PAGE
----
Digital Royalties Timeline Legal

Universal takes FBT dispute to Supreme Court

By | Published on Thursday 16 December 2010

Universal Music doesn’t want to let this one lie, does it? Perhaps the wider implications of the ruling are more significant than the company is prone to admit.

Universal’s Interscope division has appealed to the US Supreme Court over its dispute with FBT Productions, the US production house that has a stake in some of the early Eminem recordings. As much previously reported, FBT argues that digital sales of Slim Shady’s music should be considered a licensing arrangement rather than an equivalent to traditional record sales, which is an important distinction because the company earns a considerably bigger cut of revenues on licensing deals than record sales. 

FBT is not the first beneficiaries of a pre-internet record deal to argue that iTunes-style downloads should be considered a form of licensing rather than record sales, a distinction that would result in the artist’s cut being bigger. However, most other claims to this effect have not been successful in court. But earlier this year the US’s Ninth Circuit court sided with FBT, and then refused Universal’s call for judges to rehear the case. The major has now filed a motion with the Supreme Court asking for FBT’s lawsuit to be reconsidered anew.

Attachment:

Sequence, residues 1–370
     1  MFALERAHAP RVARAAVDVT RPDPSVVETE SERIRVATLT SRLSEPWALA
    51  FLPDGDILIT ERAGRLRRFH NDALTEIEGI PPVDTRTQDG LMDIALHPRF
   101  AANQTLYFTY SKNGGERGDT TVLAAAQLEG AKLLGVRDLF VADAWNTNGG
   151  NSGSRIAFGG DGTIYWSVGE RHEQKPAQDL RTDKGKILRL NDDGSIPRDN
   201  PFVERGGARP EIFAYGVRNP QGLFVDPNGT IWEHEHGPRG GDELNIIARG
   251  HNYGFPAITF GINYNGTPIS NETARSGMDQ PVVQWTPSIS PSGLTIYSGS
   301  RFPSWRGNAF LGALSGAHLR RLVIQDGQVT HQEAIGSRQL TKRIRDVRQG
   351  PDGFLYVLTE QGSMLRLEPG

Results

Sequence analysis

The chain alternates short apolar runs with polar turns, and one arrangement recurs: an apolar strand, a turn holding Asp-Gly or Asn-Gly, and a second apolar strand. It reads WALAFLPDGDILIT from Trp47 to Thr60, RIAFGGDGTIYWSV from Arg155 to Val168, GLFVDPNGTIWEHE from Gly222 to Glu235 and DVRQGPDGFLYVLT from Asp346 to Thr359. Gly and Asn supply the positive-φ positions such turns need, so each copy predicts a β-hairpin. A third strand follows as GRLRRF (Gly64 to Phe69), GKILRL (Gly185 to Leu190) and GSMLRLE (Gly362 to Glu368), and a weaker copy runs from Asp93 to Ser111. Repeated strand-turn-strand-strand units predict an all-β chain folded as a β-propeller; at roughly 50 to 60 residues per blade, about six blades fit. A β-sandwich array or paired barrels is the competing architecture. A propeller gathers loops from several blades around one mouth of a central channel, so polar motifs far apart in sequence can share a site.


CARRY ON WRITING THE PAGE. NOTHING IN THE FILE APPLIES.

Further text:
Universal insists that FBT’s claim is based specifically around the wording of its contract with the major, and therefore the production company’s victory in this case does not set a precedent that other artists could use to reinterpret download sales as licensing arrangements and demand a higher royalty cut as a result. That said, the major clearly wants to win this case and is willing to pursue every avenue of appeal before writing the FBT team a cheque for past digital sales of Eminem’s tracks.